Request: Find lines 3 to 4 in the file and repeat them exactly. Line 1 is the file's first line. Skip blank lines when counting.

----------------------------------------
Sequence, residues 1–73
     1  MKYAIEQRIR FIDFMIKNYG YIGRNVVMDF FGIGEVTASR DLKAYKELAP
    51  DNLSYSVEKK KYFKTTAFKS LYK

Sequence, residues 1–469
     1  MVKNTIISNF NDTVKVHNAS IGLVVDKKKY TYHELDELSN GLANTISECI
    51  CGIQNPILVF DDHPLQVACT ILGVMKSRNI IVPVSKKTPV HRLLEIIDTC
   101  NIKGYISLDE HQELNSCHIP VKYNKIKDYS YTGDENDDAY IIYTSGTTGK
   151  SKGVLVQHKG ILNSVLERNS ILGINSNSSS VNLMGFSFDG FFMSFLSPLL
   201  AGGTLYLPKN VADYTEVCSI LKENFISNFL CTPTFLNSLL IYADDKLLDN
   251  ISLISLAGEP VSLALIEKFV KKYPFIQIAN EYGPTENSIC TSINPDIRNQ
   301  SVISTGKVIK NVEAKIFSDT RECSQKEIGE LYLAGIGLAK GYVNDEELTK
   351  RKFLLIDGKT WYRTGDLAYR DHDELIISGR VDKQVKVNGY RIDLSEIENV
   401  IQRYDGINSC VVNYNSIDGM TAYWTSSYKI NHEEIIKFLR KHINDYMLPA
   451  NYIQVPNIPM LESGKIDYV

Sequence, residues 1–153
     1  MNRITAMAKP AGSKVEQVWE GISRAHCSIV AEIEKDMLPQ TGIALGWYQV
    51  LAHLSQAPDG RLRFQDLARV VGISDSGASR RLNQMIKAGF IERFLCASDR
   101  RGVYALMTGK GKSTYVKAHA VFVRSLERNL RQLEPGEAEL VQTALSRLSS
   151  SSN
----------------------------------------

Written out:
    51  DNLSYSVEKK KYFKTTAFKS LYK

Sequence, residues 1–469